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The Everything Cover Letter Book: Winning Cover Letters For Everybody From Student To Executive

The Everything Cover Letter Book: Winning Cover Letters For Everybody From Student To Executive

Автором Burton Jay Nadler

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The Everything Cover Letter Book: Winning Cover Letters For Everybody From Student To Executive

Автором Burton Jay Nadler

5/5 (4 оценки)
588 pages
4 hours
Jun 1, 2005


Get the interview with professional correspondence!

Completely updated for today's competitive job market, The Everything Cover Letter Book, 2nd Edition is what you need to get your foot in the door! With hundreds of resumes lined up for the job you want, it seems impossible to get yours to rise to the top of the pile. You need a superior cover letter to sell yourself when you're not there to do the talking.

Make a memorable first impression and get the job you want with this authoritative reference as your guide. This new edition includes:
  • 200 plus cover letters, revised for today's industries.
  • Techniques to highlight the best qualities on your resume.
  • Tips on industry trends.
  • Savvy advice on how to grab your reader's attention.
  • Detailed guidance on how to polish your letter to perfection.
  • Formatting guidelines to follow for letters, emails, notes, and more.
  • Dos and Don'ts based on specific job applications.

With sample letters for every job seeker - from stay-at-home moms to traveling CEOs - The Everything Cover Letter Book, 2nd Edition is the only guide you'll need to land the job of your dreams!
Jun 1, 2005

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  • Now, I wish to use the skills I gained from this venture, and as an undergraduate environmental engineering major, in any of the above cited roles at Any Environ- mental Agency. It is time to shift to a wider focus, impacting a broader con- stituency.

  • Attached is a copy of my resume supporting my candidacy for the Loan Officer position recently posted in the Times Herald. When you review this document, I trust that you will judge my dge my qualifications as worthy of an interview.

  • Always refer to the name of the company and, when possible, use the actual job title in the first and last paragraphs. Ideally, also reveal to readers that you have reviewed the job posting and the mission statement of the firm.

  • What key resume points will you present here? How can you connect previous achievements to the listed job requirements? Be specific! The more you use the language of the field you wish to enter (special phrases and key words), the better.

  • How does the cover letter get me a job?A cover letters complements and supplements the resume. Together, these documents inspire employers to interview you for a particular position. If you interview effectively, you will likely earn a job offer.

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The Everything Cover Letter Book - Burton Jay Nadler



bs Some claim that the art of letter writing is dead. I contend that it's alive and well and that all job-seekers can create viable and effective letters to suit their needs. Together with a resume, a cover letter is a very special job-search correspondence. Anyone—high school students, college students, internship candidates, entry-level candidates, and experienced candidates—can take specific steps that will lead to the ability to write successful cover letters.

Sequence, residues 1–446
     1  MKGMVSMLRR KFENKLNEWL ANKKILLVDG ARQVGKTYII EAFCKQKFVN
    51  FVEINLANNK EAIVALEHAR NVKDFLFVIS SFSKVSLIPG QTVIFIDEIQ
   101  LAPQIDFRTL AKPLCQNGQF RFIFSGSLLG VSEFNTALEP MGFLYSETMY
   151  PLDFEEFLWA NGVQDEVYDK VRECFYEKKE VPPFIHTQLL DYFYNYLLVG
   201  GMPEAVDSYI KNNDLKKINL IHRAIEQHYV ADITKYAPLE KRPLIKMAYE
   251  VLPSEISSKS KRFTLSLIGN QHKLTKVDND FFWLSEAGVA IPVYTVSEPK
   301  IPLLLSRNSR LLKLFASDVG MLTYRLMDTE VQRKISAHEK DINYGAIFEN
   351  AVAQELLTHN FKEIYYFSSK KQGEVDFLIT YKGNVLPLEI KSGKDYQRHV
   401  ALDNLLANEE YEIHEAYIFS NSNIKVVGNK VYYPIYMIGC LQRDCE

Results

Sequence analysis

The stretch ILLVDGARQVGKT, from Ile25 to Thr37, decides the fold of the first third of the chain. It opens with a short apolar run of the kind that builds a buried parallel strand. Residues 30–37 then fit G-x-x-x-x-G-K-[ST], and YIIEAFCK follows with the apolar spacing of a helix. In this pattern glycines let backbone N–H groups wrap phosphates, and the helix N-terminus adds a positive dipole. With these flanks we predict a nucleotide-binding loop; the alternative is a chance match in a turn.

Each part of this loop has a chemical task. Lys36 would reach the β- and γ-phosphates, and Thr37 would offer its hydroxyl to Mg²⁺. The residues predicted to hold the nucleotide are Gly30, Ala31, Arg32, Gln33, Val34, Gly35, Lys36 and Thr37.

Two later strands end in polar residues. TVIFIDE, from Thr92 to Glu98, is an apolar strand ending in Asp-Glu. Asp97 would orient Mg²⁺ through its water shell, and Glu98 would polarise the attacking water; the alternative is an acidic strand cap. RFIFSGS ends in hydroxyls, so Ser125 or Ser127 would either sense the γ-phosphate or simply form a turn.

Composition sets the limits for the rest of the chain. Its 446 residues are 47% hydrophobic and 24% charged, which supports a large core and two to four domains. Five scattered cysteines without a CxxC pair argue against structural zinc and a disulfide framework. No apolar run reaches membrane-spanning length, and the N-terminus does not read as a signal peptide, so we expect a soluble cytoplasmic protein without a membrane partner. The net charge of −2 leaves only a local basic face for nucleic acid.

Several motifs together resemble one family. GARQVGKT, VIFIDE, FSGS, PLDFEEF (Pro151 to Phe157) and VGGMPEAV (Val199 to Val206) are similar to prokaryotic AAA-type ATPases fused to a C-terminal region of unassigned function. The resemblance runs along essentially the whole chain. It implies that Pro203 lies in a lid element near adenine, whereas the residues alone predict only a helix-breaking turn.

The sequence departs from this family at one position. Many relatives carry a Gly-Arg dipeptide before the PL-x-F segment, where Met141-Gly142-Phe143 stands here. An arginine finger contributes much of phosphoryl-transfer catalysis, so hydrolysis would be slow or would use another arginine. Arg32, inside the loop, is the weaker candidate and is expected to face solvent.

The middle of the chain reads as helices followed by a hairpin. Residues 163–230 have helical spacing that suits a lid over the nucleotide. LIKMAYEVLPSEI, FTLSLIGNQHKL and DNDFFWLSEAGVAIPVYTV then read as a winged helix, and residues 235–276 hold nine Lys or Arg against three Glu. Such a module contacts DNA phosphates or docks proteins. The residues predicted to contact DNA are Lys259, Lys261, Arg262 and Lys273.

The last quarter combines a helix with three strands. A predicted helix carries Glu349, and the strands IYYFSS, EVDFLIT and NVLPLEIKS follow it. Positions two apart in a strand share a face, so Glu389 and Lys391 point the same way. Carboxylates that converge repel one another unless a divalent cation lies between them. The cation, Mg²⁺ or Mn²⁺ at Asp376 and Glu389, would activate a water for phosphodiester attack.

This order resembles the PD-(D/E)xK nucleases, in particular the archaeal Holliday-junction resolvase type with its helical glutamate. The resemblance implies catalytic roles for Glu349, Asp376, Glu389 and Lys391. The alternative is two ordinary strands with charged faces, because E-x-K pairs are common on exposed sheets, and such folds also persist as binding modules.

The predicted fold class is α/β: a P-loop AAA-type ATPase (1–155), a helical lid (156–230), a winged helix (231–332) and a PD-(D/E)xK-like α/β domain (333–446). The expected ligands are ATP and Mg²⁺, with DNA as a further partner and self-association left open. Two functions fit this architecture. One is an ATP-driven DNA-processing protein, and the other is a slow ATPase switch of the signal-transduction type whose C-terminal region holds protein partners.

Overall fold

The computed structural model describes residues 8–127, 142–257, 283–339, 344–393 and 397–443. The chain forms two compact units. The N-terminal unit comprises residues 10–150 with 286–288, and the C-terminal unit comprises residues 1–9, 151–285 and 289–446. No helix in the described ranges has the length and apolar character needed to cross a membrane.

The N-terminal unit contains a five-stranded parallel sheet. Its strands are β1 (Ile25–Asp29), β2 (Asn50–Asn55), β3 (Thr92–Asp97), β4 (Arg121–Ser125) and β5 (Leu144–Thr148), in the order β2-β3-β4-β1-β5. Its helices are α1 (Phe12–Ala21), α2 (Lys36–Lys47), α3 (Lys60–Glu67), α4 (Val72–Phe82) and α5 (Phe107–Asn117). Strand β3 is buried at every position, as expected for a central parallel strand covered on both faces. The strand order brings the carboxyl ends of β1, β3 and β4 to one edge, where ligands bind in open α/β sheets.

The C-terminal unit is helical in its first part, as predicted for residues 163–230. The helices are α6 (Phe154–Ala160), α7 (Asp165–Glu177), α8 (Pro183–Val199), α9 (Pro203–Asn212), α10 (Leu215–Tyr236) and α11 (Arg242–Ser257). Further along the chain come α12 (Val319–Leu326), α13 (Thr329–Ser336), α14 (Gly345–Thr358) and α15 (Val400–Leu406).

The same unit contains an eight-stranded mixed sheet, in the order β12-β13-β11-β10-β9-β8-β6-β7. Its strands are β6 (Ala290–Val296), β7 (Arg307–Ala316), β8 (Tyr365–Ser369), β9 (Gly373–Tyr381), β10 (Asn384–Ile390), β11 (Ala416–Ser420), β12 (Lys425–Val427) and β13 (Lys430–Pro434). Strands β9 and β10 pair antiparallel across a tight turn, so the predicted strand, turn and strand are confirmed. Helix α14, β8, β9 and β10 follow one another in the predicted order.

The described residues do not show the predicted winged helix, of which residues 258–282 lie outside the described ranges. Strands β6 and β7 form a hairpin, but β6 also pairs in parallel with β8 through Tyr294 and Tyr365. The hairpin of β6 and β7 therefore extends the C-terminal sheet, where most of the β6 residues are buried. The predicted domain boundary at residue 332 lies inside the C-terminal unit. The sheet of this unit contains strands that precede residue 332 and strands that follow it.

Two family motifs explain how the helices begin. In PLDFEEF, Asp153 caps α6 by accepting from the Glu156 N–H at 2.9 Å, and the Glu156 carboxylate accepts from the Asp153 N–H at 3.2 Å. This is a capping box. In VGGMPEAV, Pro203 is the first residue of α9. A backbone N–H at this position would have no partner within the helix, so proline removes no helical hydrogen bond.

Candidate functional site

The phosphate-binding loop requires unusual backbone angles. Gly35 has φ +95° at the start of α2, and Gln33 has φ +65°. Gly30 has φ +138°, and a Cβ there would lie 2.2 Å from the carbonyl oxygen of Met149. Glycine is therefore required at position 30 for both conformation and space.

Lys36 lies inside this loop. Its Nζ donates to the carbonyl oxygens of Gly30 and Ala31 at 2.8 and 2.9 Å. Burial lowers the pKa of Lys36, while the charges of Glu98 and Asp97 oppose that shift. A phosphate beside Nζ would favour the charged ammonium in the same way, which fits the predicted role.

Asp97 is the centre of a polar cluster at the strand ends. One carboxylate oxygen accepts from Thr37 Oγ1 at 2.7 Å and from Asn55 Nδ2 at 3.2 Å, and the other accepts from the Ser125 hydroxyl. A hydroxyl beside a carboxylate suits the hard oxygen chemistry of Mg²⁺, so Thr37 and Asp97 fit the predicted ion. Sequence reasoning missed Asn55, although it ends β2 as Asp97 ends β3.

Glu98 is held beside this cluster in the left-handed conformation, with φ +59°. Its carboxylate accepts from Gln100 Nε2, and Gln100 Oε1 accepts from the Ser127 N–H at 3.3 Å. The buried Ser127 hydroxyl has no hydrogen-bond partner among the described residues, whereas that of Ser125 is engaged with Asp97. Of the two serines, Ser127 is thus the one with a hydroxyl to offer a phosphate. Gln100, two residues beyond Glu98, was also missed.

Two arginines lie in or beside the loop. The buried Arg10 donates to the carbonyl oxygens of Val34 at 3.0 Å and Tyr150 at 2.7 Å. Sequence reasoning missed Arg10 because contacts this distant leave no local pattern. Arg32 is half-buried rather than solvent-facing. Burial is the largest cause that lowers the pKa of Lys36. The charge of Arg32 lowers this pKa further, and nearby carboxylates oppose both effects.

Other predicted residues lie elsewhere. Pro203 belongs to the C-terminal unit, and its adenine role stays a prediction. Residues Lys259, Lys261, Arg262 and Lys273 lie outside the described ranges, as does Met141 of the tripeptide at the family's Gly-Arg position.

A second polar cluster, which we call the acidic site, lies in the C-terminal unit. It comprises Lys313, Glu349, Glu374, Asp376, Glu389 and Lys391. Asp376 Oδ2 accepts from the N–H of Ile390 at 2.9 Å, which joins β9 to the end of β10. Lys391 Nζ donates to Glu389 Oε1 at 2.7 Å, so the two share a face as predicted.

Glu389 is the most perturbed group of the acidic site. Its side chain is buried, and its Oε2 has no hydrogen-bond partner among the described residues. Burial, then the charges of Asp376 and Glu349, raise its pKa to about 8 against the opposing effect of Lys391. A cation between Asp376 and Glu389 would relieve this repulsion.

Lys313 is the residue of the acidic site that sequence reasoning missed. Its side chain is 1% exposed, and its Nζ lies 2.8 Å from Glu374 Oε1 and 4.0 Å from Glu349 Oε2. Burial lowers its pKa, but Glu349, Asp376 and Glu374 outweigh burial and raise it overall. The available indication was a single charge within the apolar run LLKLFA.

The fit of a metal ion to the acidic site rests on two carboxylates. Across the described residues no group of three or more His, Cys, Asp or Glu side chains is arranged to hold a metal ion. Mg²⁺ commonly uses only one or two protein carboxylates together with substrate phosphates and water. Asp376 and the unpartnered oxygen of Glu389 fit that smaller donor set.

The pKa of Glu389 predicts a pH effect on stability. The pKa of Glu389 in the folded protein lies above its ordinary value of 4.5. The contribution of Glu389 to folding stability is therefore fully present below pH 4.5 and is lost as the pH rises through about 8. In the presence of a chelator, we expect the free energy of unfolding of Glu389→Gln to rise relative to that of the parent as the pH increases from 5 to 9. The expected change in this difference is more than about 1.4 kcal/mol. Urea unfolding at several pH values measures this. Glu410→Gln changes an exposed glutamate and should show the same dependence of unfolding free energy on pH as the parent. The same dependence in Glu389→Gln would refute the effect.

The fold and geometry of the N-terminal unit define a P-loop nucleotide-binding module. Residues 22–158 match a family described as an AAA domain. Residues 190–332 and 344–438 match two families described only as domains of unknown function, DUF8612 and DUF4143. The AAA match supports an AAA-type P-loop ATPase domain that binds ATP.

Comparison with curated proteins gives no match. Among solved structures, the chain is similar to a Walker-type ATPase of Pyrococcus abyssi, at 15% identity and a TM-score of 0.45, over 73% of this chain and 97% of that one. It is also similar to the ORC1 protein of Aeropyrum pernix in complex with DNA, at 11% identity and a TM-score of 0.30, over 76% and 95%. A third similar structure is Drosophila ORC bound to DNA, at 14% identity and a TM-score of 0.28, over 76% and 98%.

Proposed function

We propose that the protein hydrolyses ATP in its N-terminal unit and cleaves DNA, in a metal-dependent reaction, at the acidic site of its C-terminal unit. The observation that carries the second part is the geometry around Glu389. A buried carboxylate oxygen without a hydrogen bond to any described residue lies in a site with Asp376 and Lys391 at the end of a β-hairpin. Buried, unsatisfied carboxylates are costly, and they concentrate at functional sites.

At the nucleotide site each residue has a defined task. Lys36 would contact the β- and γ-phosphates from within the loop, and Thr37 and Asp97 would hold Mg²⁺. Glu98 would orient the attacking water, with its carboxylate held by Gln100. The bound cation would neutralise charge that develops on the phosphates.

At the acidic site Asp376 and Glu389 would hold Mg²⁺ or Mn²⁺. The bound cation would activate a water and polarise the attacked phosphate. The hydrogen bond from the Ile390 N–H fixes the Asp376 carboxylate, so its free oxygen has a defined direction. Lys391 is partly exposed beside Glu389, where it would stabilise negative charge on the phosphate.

This book details the steps required to write right and informs readers of how cover letters fit into the overall job-search process. It inspires readers to blend actions and words—to write great cover letters but also to follow up with all the actions required in a successful job search.

Resumes and cover letters are the dynamic duo of job-search documents. They really can get your foot in the door for a job interview. Both must be targeted, contain key words, and reveal to readers that you know the skills required for particular jobs. Together, the sum of these job-search parts is greater than the whole, but each must independently present qualifications and yield interview invitations. In this book, you'll learn about the power of targeted resumes and how to create one of your own.

In addition to writing great cover letters, you'll learn about other letters that are useful during the job search: letters of application, letters of introduction, and networking notes. Well-crafted and focused correspondence generates interest in your resume and candidacy and, ultimately, inspires readers to invite you to interview.

This book also addresses questions regarding format and content, special circumstances, and the use of the Internet. Typical queries may reveal unique, creative, and inspirational responses, designed to make you think outside the metaphorical box and act assertively, appropriately, and effectively. Step by step by step, you will be guided through the process of writing your cover letter, developing your resume, surviving the interview, and accepting the job.

If imitation is the sincerest form of flattery, it can also be the best cover-letter strategy. In the more than 200 samples included here, job-seekers of varied goals and backgrounds can have their questions answered and find some guidance and inspiration during the writing process. Before-and-after samples reveal how following the guidelines in this book will maximize the impact of your efforts. Timely and timeless content of cover letters for positions ranging from Administrative Assistant to Writing Instructor will provide useful information as well. All the letter samples are presented to diminish confusion and eliminate procrastination. They are not meant to be copied, but to inspire you in writing right.